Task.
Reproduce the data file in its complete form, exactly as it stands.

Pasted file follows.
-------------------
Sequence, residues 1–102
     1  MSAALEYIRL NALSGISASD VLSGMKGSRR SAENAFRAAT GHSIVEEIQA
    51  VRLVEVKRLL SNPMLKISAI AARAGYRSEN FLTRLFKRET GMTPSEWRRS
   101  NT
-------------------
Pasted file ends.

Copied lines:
Sequence, residues 1–102
     1  MSAALEYIRL NALSGISASD VLSGMKGSRR SAENAFRAAT GHSIVEEIQA
    51  VRLVEVKRLL SNPMLKISAI AARAGYRSEN FLTRLFKRET GMTPSEWRRS
   101  NT